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January is cervical cancer awareness month in the U.S.

STEVE INSKEEP, HOST:

January is Cervical Cancer Awareness Month. This disease is highly treatable and preventable, but many women die from it. And a disproportionate number are Black.

Here's NPR's Alana Wise.

ALANA WISE, BYLINE: Kimberly Williams was a 42-year-old mother of two when she received her diagnosis.

KIMBERLY WILLIAMS: My doctor called and said that he wanted to see me in his office. So I was very nervous. And when I went in, he said, kiddo, you have cancer; but we're going to fight it. So the feeling I had was being very overwhelmed.

WISE: Williams had had an abnormal pap smear in her 20s. But she said her doctors never talked to her about the human papillomavirus, HPV, or about her risk of developing cancer from it.

WILLIAMS: No one ever said, hey, this is something that you need to be checking. My story may have been different had I known about HPV.

WISE: An estimated 4,290 people in the United States died from cervical cancer last year. A disproportionate number of those deaths were among Black women. A joint study this month from the Human Rights Watch and the Southern Rural Black Women's Initiative focused on cases in rural Georgia.

KAY EADY: The further away that you live from metropolitan centers, the rates of cervical cancer increase. And that's the case that we found in southwest Georgia.

WISE: That was Dr. Kay Eady. She's a community-based researcher for the Southern Rural Black Women's Initiative. The study found that Black women in Georgia were about 1 1/2 times as likely to die from cervical cancer than white women. Black women are also less likely to have ever been screened for the disease. And while the five-year survival rate for cervical cancer is about 92%, that number is five points lower for Black women.

EADY: At the state level, we really need to work on expanding Medicaid. That would mean more programs for the women. In terms of transportation, it would give us more resources for the doctors - also, that these counties, these rural communities, could maintain and attract health care professionals.

WISE: Annerieke Daniel is a researcher in the women's rights division at the Human Rights Watch. Another big barrier to Black women's health care is the historical mistreatment of minorities by medical professionals.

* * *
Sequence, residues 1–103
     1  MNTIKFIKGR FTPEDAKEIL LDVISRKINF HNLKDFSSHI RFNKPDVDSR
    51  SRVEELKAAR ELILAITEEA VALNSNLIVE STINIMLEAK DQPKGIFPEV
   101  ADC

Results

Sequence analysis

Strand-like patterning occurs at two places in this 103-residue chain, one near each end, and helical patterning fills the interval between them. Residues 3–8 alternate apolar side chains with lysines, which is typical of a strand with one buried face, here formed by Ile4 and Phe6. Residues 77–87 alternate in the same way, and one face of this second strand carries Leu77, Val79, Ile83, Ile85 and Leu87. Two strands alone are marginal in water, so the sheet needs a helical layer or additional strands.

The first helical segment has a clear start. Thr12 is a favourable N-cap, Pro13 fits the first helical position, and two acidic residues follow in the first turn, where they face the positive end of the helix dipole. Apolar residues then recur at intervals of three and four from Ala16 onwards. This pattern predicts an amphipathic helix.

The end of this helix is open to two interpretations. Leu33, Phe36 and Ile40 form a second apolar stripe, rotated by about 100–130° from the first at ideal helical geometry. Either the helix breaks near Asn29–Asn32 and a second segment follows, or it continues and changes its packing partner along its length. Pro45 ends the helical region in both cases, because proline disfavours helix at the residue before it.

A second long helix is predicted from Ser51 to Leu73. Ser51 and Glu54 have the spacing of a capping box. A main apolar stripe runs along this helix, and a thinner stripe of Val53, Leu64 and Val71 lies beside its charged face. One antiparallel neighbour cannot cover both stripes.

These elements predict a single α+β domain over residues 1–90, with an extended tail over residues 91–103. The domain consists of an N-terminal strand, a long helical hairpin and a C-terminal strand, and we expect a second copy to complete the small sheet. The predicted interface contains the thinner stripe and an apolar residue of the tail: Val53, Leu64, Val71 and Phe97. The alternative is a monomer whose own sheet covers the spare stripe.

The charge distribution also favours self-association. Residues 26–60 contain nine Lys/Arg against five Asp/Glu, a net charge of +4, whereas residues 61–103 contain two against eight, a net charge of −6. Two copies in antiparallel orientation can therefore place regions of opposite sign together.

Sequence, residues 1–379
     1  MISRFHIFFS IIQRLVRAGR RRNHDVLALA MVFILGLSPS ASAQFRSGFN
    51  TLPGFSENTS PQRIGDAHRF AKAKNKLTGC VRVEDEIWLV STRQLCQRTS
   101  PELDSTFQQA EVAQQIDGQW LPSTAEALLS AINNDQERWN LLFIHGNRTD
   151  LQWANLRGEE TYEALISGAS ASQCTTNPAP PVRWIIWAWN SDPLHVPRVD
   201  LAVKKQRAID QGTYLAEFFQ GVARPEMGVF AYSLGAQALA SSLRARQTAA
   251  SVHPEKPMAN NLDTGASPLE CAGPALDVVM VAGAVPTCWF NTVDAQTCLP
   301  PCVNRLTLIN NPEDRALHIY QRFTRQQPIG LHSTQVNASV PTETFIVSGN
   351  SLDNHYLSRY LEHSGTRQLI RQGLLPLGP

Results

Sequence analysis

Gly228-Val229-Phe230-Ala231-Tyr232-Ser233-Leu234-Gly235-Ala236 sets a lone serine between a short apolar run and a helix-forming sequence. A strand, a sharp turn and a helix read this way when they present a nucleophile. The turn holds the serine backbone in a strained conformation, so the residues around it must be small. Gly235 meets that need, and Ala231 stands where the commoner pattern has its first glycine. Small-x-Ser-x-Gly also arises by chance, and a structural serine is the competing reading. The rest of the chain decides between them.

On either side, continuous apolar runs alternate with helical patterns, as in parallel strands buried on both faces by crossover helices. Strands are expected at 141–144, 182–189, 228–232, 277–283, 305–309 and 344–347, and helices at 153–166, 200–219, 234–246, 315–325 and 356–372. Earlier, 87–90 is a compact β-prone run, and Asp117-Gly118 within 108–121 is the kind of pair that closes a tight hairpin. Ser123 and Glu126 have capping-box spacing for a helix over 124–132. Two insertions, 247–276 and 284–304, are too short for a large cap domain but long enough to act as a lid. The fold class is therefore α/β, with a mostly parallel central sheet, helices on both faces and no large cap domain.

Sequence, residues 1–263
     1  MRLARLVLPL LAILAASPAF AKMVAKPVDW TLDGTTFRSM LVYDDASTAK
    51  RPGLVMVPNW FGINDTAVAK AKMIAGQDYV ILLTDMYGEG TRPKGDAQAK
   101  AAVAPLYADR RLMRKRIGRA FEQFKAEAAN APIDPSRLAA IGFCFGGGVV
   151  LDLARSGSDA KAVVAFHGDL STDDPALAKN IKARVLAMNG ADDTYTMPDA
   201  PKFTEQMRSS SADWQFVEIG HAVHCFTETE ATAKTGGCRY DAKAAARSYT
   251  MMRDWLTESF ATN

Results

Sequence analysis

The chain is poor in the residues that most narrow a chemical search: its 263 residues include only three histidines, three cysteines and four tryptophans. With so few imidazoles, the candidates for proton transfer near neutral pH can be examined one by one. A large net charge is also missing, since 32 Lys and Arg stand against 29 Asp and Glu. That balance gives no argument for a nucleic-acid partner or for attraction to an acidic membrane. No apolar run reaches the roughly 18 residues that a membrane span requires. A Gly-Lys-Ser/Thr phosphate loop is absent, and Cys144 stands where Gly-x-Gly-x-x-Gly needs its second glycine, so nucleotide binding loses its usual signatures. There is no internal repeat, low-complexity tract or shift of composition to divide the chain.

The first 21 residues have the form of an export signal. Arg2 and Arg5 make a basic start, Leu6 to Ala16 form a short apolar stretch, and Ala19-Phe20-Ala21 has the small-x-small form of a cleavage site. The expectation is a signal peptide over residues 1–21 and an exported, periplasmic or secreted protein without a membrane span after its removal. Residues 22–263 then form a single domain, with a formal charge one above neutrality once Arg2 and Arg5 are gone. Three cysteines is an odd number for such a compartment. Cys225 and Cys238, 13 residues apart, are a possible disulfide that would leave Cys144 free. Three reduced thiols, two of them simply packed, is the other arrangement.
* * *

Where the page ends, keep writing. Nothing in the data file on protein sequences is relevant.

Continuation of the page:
ANNERIEKE DANIEL: We spoke with many women who just felt like their concerns were dismissed, the level of care that they've received was inadequate and that they were just treated with complete bias.

WISE: Another issue is a lack of information about the dangers of HPV. The virus is the most commonly contracted STI in the United States. And strains of the virus are responsible for more than 95% of cervical cancer cases.

It was Tamika Felder's own cervical cancer diagnosis at age 25 that prompted her to start the group Cervivor. That's Cervivor, spelled like cervix.

TAMIKA FELDER: When I was going through my cancer diagnosis, there weren't people that looked like me who were telling their stories.

WISE: Now the organization has more than 100 trained ambassadors and thousands more who count themselves among the survivors.

That includes Cemonia Hall, the group's ambassador to Georgia. She throws a luncheons and gives out teal goodie bags, the color of cervical cancer awareness. Because of her own diagnosis, Hall says it's important to be an active participant in your own health care.

CEMONIA HALL: They may be the doctors, but they don't know your body the way that you do. So I think it's very important to use your voice 'cause that is your power.

WISE: Hall, like everyone interviewed for this story, stressed the importance of getting routine pap smears and following up on your results.

Alana Wise, NPR News, Washington.

(SOUNDBITE OF YONDERLING'S "WHISPER") Transcript provided by NPR, Copyright NPR.

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